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Fashion

National Museum of American History

Fashion

National Museum of American History

Fashion

National Museum of American History

Fashion

National Museum of American History
A color print of a horse standing to the side. It is a liver bay held by a jockey standing in front of her. A race track rail is in the background.

Fashion was bred in 1837 by William Gibbons, Esq. of Madison, Morris County, NJ. Her sire was Trustee and her dam was Bonnets o’ Blue. Under the training of Samuel Laird, she won 32 of her 36 starts and gathered $41,500 in prize money. Her races were highly publicized. The North versus South Match Race against Boston in 1842 saw a crowd of 70,000 supporters. Despite Boston’s three mile lead, Fashion won with a time of 7:32 ½ for a four mile race. He next rival was the southern Peytona, who defeated Fashion in the first match but lost in the two rematches. Fashion raced until age 11 and then produced 10 foals in stud. She was sold to John Reber of Lancaster, Ohio in 1855. She died in 1860 and was eventually inducted into the Racing Hall of Fame in 1980. She was the namesake of a steamboat, several hotels, a brand of ladies’ gloves, and men’s cigars.

Fashion

National Museum of American History
A black and white print of a black race horse mounted by a jockey who wears jodphurs and a jacket with a wide lapel. A meadow surrounded by trees, fence, and a small country house.

Fashion was bred in 1837 by William Gibbons, Esq. of Madison, Morris County, NJ. Her sire was Trustee and her dam was Bonnets o’ Blue. Under the training of Samuel Laird, she won 32 of her 36 starts and gathered $41,500 in prize money. Her races were highly publicized. The North versus South Match Race against Boston in 1842 saw a crowd of 70,000 supporters. Despite Boston’s three mile lead, Fashion won with a time of 7:32 ½ for a four mile race. He next rival was the southern Peytona, who defeated Fashion in the first match but lost in the two rematches. Fashion raced until age 11 and then produced 10 foals in stud. She was sold to John Reber of Lancaster, Ohio in 1855. She died in 1860 and was eventually inducted into the Racing Hall of Fame in 1980. She was the namesake of a steamboat, several hotels, a brand of ladies’ gloves, and men’s cigars.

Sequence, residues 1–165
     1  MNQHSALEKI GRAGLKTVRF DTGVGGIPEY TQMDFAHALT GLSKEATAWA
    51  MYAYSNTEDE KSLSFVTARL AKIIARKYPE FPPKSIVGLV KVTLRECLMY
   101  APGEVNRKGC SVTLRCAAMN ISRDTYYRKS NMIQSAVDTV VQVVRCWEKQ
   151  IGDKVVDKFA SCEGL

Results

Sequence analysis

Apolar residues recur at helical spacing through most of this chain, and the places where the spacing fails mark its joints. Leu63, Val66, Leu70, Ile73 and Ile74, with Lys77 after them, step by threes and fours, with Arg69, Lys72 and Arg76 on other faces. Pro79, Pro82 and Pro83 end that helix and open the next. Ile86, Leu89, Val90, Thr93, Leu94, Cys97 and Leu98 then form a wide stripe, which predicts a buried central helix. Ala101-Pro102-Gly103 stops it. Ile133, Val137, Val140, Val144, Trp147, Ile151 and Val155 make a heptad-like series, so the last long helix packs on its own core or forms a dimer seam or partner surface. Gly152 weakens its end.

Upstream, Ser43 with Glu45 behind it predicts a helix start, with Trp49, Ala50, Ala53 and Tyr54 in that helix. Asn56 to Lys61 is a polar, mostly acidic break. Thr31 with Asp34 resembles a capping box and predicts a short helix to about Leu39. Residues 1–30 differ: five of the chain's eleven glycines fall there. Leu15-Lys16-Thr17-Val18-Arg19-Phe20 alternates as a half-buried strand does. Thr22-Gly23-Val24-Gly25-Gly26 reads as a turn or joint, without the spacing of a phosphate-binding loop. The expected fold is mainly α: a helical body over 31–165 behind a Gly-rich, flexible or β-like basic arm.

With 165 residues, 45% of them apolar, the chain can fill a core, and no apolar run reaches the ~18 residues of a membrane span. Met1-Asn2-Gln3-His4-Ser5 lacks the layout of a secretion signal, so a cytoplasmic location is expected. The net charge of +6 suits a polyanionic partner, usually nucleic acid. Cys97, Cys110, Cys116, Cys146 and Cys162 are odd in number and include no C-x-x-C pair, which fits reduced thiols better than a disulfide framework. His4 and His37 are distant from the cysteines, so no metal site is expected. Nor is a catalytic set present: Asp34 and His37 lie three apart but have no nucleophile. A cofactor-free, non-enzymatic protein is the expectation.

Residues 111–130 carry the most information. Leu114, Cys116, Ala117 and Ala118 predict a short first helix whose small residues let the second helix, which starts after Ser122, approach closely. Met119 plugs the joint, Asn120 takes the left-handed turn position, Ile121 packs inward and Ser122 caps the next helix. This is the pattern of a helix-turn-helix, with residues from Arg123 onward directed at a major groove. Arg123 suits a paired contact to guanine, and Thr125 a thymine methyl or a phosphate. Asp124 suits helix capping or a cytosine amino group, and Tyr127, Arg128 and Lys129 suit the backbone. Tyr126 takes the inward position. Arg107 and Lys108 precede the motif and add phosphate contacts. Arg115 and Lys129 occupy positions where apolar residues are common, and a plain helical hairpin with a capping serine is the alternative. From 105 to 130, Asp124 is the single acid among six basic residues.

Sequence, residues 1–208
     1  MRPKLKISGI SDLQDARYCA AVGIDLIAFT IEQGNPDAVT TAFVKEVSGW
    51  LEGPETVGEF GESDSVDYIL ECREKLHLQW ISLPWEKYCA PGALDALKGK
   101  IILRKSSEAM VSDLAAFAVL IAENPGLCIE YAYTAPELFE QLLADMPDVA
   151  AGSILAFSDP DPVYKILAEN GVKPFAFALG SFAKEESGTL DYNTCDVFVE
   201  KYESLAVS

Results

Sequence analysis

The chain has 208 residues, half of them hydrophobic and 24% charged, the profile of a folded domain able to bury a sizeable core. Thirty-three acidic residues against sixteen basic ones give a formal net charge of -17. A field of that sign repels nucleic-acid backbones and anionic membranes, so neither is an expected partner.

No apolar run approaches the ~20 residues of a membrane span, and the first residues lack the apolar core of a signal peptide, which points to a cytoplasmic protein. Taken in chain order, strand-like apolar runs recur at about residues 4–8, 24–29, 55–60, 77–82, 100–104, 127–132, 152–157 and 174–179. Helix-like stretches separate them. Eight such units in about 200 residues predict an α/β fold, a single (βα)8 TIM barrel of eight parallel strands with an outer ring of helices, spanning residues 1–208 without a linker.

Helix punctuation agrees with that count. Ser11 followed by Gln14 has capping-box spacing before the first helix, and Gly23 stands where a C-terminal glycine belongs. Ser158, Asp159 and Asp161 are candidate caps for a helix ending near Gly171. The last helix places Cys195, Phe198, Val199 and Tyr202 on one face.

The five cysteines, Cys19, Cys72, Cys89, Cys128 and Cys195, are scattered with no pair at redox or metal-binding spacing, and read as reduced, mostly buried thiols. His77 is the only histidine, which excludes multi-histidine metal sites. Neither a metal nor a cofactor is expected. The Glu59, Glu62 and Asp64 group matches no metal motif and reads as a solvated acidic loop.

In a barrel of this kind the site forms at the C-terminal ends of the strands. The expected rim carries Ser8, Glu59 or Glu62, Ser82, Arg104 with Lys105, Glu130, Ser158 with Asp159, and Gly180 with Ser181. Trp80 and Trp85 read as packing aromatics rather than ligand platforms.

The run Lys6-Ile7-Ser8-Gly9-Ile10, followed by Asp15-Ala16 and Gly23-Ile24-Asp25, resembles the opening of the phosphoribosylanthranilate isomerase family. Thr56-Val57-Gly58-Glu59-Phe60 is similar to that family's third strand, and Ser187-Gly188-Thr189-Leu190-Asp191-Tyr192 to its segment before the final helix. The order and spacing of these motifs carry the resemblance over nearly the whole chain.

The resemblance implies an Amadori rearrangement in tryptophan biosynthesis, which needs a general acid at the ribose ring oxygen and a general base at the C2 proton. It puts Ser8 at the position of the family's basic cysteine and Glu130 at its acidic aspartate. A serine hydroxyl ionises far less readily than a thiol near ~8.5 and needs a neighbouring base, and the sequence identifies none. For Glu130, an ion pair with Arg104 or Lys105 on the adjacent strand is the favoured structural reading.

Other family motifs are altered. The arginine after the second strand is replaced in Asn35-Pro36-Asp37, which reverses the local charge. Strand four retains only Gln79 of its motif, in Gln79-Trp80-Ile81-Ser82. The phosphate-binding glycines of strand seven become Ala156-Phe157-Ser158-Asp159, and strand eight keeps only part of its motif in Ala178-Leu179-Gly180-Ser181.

Archibald Dick lived 1805-1855. He was born in Scotland and studied engraving in Edinburgh before coming to America in the early 1830’s. He was a partner at the New York City firm of Barnard and Dick in 1831 before he joined Gimmer and Dick in 1833. He later left this firm to establish his own solo firm. Dick lived in Brooklyn til his death in 1855. His works were reproduced in contemporary magazines.

Fashion

National Museum of American History

fashion plate

National Museum of American History

fashion plate

National Museum of American History

fashion plate

National Museum of American History

Fashion Forward, Fashion Functional

SI Center for Learning and Digital Access
Teacher-created lesson in which students design clothing from non-recyclable materials that would otherwise go to waste.

fashion plate

National Museum of American History

fashion plate

National Museum of American History

fashion plate

National Museum of American History

fashion plate

National Museum of American History

fashion plate

National Museum of American History

fashion plate

National Museum of American History

fashion plate

National Museum of American History

fashion plate

National Museum of American History

fashion plate

National Museum of American History

fashion plate

National Museum of American History

fashion plate

National Museum of American History

fashion plate

National Museum of American History

fashion plate

National Museum of American History

fashion plate

National Museum of American History
1-24 of 11,424 Resources